Peter Falk: The Man Behind the Raincoat and Cigar

Peter Falk: The Man Behind the Raincoat and Cigar

Sandra Pandora | 
Pandora Writer | 
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With his distinctive gravelly voice, unruly hair, and iconic trench coat, Peter Falk became a beloved and enduring figure in the world of film and television. His remarkable career spanned more than five decades and encompassed a diverse range of roles, but it was his portrayal of the endearing and disheveled detective, Lieutenant Columbo, that turned him into a worldwide icon.

Peter Falk

Peter Falk was born on September 16, 1927, in New York City. He was raised in Ossining, NY. When he was just three years old, he acquired his distinctive squint because of the removal of his right eye due to a malignant tumor, which was then replaced with a glass prosthetic eye.

Despite his desire to serve in the armed forces, he faced rejection due to his prosthetic eye. Subsequently, Falk worked as a cook in the Merchant Marine. Following his service in the Merchant Marine, he returned to New York and earned a bachelor's degree in political science from the New School for Social Research in 1951. In 1953, he earned a master’s degree in public administration at Syracuse University. Ultimately, he found his footing in a position as a management analyst at the Connecticut State Budget Bureau.

In 1956 Falk began acting in Off-Broadway plays, and later that year he appeared on Broadway in "Saint Joan" and "Diary of a Scoundrel." He started appearing on television in 1957.

Peter Falk

In 1960, Falk made the move to Los Angeles, fully immersing himself in the world of entertainment. His hard work paid off as he rapidly landed steady roles in low-budget films and television. His portrayal of the real-life killer and mob informant Abe "Kid Twist" Reles in "Murder, Inc." in 1960 earned him his first Academy Award nomination.

He then earned an Emmy nomination for his role as a drug addict in "The Law and Mr. Jones" in 1961, and received an Oscar nomination for his performance in the comedy "A Pocketful of Miracles" in 1961. He also won an Emmy for "The Price of Tomatoes" in 1962.

Falk took on various genres including drama in "The Balcony" in 1963, comedies like "It's a Mad Mad Mad Mad World" in 1963 and "The Great Race" in 1965, and even musicals such as "Robin and the Seven Hoods" in 1964 with the Rat Pack.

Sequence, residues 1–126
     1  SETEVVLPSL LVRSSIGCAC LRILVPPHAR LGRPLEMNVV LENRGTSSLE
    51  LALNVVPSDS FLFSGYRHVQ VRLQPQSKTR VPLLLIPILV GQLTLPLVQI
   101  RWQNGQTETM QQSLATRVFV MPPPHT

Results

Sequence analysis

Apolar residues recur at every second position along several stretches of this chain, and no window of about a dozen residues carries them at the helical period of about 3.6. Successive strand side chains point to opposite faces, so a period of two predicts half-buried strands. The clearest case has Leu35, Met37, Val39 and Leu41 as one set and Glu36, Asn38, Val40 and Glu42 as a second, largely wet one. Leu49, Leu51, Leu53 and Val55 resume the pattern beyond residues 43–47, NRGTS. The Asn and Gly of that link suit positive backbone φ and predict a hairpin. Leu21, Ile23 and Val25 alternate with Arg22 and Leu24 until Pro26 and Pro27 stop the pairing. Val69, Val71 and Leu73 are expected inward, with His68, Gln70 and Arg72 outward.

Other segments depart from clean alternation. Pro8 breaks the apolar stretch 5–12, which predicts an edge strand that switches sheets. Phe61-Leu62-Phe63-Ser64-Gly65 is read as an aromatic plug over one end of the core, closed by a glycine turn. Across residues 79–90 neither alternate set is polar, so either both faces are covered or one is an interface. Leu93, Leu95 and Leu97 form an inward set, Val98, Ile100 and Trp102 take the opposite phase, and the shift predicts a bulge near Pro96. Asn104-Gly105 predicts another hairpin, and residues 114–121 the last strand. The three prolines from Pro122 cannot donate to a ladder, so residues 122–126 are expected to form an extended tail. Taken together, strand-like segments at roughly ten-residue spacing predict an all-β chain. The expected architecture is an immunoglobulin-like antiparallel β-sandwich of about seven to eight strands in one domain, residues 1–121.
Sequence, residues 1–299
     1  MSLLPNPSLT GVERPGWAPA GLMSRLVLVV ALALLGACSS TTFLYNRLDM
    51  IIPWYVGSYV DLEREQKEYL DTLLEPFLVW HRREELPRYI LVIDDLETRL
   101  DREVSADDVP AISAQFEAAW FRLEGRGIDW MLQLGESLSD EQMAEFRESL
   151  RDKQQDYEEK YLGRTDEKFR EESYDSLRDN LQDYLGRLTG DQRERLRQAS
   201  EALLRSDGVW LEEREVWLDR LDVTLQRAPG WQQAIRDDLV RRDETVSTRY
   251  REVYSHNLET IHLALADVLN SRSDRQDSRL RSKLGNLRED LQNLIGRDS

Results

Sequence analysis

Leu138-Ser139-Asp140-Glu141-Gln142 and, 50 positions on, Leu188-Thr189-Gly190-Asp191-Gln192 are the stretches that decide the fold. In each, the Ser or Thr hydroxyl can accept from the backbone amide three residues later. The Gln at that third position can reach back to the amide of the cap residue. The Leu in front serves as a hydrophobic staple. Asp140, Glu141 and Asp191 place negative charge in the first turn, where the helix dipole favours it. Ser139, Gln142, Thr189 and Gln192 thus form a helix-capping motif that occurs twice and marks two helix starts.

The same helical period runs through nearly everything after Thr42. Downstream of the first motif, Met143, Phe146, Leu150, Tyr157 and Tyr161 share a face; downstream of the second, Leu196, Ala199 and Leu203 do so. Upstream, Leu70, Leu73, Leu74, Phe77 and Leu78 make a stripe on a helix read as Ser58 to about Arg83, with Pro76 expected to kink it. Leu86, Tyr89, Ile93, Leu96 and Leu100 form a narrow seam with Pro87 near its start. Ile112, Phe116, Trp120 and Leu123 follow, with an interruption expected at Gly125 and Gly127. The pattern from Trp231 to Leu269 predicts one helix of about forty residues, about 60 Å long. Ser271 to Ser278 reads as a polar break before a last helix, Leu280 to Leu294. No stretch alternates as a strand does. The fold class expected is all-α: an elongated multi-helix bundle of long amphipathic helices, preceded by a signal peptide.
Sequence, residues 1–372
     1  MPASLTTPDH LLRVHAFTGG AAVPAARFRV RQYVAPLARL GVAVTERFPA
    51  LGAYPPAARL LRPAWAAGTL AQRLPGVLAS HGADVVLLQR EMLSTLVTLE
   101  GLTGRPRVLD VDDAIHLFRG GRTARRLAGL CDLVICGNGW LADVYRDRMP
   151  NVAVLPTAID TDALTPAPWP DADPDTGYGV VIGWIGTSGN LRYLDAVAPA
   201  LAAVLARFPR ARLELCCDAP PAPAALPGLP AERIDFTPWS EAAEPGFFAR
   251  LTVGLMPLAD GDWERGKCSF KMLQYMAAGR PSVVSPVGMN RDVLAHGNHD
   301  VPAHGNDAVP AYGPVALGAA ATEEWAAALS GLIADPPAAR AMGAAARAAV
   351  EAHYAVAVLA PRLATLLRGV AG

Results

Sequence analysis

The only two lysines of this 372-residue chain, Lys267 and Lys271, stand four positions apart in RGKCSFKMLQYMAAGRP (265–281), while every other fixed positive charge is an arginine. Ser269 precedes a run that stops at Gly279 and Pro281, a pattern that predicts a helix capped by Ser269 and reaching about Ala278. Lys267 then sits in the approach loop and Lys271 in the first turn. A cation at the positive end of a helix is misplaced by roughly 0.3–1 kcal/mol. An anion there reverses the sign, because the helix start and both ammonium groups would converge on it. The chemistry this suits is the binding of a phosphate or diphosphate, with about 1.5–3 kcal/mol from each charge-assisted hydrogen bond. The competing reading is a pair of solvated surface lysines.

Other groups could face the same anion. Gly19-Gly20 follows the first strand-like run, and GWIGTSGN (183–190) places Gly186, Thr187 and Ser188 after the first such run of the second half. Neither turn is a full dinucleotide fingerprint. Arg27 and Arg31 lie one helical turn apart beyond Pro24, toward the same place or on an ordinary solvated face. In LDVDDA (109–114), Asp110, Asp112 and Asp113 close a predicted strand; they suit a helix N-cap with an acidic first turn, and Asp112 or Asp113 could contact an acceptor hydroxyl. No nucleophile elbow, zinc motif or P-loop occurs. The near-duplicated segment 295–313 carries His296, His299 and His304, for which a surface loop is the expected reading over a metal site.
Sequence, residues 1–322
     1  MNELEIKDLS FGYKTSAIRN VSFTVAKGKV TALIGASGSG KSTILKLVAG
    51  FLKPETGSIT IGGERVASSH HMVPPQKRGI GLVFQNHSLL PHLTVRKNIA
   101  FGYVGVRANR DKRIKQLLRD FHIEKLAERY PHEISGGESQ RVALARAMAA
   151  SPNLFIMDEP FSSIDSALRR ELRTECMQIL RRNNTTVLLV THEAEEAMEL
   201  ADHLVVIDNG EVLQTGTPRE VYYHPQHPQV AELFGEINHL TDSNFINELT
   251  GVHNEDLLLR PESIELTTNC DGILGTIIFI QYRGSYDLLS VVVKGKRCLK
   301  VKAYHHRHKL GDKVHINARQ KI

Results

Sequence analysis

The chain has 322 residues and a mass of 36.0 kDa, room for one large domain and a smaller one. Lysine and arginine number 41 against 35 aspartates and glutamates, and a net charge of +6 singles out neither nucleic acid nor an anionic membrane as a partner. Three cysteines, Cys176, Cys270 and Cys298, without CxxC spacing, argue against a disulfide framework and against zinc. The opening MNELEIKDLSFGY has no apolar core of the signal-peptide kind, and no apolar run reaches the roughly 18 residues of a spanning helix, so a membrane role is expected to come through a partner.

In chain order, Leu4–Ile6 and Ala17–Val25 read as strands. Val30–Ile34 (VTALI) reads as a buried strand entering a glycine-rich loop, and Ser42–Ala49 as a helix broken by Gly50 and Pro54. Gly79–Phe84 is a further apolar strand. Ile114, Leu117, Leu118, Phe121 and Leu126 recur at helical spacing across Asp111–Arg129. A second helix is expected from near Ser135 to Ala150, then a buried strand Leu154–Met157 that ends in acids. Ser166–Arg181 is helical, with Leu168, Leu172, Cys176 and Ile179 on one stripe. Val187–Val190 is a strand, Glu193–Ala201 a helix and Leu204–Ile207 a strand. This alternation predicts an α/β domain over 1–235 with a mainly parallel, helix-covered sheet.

Peter Falk

Falk continued to work in film, starring in notable movies like "Machine Gun McCain" in 1969, and "Anzio" in 1968.

While he enjoyed success in the theater, television, and film, it was his role as Lieutenant Columbo in the television series "Columbo" that would become his defining moment. The character of Columbo was a departure from the typical detective archetype seen on television at the time. He was disheveled, unassuming, and seemingly absent-minded, but beneath his seemingly bumbling exterior lay a brilliant mind that could solve the most complex of crimes.

"Columbo" premiered as a television movie, "Prescription: Murder," in 1968. The character's unpretentious and often underestimated demeanor resonated with audiences, and the show's unique format, which revealed the murderer at the beginning of each episode, allowed viewers to play detective alongside Columbo. The series went on to become a massive success, earning Falk critical acclaim and four Emmy Awards.

Peter Falk

Peter Falk's portrayal of Lieutenant Columbo was a masterclass in character acting. He brought depth and nuance to the character, making him not only a brilliant detective but also a relatable and endearing figure. The iconic rumpled raincoat and cigar became synonymous with the character and solidified Falk's status as a pop culture icon.

While "Columbo" was undoubtedly the pinnacle of Peter Falk's career, he continued to demonstrate his versatility as an actor in both film and television. He took on a wide range of roles, often playing characters with a unique and eccentric charm.

One of his most memorable film roles was in "A Woman Under the Influence" in 1974, directed by John Cassavetes. In the film, Falk portrayed Nick Longhetti, a construction worker struggling to cope with his wife's deteriorating mental health. His performance was both heartbreaking and powerful, earning him an Academy Award nomination for Best Actor.

Peter Falk